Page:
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Sylvain Charlebois is dean of the faculty of management and professor in food distribution and policy at Dalhousie University.

It was interesting to see how a meagre 191-word document signed by all premiers on internal free trade was lauded as a major coup for Confederation. The Canadian Free Trade Agreement (CFTA) was signed recently at the annual premiers' summit in Whitehorse. It may take months before we know what products are included in the deal, and what is not. For years, restrictions among provinces prevented many food products such as dairy, wines and beer from flowing freely across the country. We can certainly celebrate the good will of our provincial leaders, but we should all remain cautiously optimistic.

The intent of the deal signed in Whitehorse is meant to revitalize the ineffective Agreement on Internal Trade that was originally signed in 1994, at the beginning of the Jean Chrétien era. After defeating the Conservatives, who were in power for nine years, the Chrétien government was beginning a new mandate, and there was a sense of rejuvenation within the Confederation. The political atmosphere was different at the time and provincial leaders signed the agreement with confidence. A little more than 22 years later, under a new Liberal government, we are witnessing the second coming of a serious determination to deal with our internal trade quarrels.

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In 1994, several events took place soon after the deal was signed that changed the political spectrum. The people around the table changed, and the pleasant sentiment disappeared. Quebec elected a separatist government, and transfer payments were reduced to a point that Ottawa abruptly ended its honeymoon-esque period with the provinces. As the political landscape changed, so did internal economic priorities – and nothing can stop this from happening again. With Brexit, Trumpism and continuing terrorist attacks affecting many countries, the world is a much more complicated place. One can easily see how the CFTA could be forgotten.

The hard truth is that Canada is simply not a trade-focused nation, particularly in agriculture and food. We trade with the world despite ourselves. With our rigid quota-based schemes, tariffs on imports and provincially-based marketing boards and liquor boards, trading food products in our country can be a challenge.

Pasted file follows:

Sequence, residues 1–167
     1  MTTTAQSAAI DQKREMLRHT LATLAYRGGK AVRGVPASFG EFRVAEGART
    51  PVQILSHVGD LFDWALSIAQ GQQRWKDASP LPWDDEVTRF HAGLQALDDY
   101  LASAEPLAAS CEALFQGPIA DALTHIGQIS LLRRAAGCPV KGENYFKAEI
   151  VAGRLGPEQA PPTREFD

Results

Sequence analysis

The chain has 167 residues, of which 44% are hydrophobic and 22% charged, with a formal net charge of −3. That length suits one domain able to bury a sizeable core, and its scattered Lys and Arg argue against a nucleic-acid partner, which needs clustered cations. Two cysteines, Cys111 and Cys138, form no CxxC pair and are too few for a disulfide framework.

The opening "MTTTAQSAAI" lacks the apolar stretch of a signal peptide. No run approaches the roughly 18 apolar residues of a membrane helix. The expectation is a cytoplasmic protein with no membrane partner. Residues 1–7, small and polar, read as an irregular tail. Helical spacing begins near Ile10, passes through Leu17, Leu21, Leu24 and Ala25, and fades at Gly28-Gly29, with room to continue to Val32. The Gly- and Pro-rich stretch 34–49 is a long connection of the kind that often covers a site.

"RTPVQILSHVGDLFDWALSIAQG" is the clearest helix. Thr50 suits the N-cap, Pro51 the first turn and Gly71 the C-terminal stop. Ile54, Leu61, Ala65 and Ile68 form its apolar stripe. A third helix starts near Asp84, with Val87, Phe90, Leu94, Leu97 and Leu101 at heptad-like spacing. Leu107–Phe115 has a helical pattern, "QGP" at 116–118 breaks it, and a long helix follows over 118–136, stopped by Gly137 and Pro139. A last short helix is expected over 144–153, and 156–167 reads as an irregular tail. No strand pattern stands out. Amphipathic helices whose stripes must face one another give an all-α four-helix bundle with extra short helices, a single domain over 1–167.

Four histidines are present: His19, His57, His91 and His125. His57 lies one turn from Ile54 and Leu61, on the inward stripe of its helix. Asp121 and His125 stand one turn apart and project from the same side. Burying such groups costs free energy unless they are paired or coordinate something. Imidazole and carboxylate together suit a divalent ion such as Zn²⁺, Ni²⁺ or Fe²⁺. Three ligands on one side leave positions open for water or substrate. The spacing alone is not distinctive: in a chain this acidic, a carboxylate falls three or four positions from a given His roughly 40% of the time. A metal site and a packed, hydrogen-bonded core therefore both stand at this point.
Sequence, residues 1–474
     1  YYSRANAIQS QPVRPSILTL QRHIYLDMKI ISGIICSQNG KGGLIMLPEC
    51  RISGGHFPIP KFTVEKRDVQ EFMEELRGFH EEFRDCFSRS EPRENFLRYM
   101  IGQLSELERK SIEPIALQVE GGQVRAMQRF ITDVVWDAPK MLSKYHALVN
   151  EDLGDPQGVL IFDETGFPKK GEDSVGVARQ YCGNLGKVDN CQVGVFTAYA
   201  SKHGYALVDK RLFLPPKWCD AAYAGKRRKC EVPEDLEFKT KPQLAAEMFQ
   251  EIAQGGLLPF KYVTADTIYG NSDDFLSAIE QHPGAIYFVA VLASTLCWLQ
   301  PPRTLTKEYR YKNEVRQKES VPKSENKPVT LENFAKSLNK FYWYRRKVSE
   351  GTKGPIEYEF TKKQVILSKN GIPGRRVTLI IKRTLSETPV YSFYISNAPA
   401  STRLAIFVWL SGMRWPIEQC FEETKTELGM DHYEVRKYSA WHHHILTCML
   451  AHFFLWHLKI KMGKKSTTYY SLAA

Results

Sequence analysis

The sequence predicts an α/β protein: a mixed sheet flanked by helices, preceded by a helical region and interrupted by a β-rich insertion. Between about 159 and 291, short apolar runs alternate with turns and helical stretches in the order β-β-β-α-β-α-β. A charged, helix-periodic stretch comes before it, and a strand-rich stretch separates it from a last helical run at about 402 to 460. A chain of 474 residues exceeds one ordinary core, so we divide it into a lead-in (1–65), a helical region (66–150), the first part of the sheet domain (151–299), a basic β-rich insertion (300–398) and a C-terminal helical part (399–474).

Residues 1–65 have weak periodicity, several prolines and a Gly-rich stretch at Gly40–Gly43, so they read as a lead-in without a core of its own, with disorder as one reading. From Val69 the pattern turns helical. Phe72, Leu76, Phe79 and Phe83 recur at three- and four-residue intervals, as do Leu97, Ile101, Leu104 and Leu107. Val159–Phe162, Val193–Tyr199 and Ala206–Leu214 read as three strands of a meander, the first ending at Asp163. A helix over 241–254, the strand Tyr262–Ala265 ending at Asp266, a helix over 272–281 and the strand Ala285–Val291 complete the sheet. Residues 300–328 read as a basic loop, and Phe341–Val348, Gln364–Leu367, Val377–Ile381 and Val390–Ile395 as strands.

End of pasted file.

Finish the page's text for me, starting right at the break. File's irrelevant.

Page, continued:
Internal trade strains in Canada speak to a significant constitutional paradox. While our Confederation is certainly complicated to manage, our Constitution is fairly easy to interpret. In fact, our Constitution, which was signed more than 149 years ago in Charlottetown, offers provisions for enhanced internal trades. Yet our forefathers never anticipated provinces to be in contempt of our own Constitution.

In Whitehorse this year, the premiers basically agreed to agree, and nothing more. We may see an agreement in the future or we may not. Exploring options through a consultative process will bring us to where we need to be. However, we should not be surprised that details coming out of working groups will likely become points of contention. Keep in mind that consultations related to this trade deal will be added to the 150 consultations on various issues that are already taking place in Ottawa. To say that Ottawa loves to consult these days would be an understatement.

In recent years, most of our trade-related attention was given to major international trade deals like the Comprehensive Economic and Trade Agreement (CETA) with Europe and the Trans-Pacific Partnership. Years of work were dedicated to the signature and potential ratification of both agreements. Yet due to uncontrollable factors, both agreements now seem uncertain.

Time can be better spent on interprovincial trades where the economic terrain is less choppy. More internal trade is desirable for all regions, all provinces, and a renewed economic focus among provinces is economically indispensable. A deal can provide a better chance for entrepreneurial know-how to shine across the country.

In fact, the CFTA has the potential to create significant wealth in regions. It could even be more economically influential than our current equalization payment scheme that has proven over the years to support fruitless policies.

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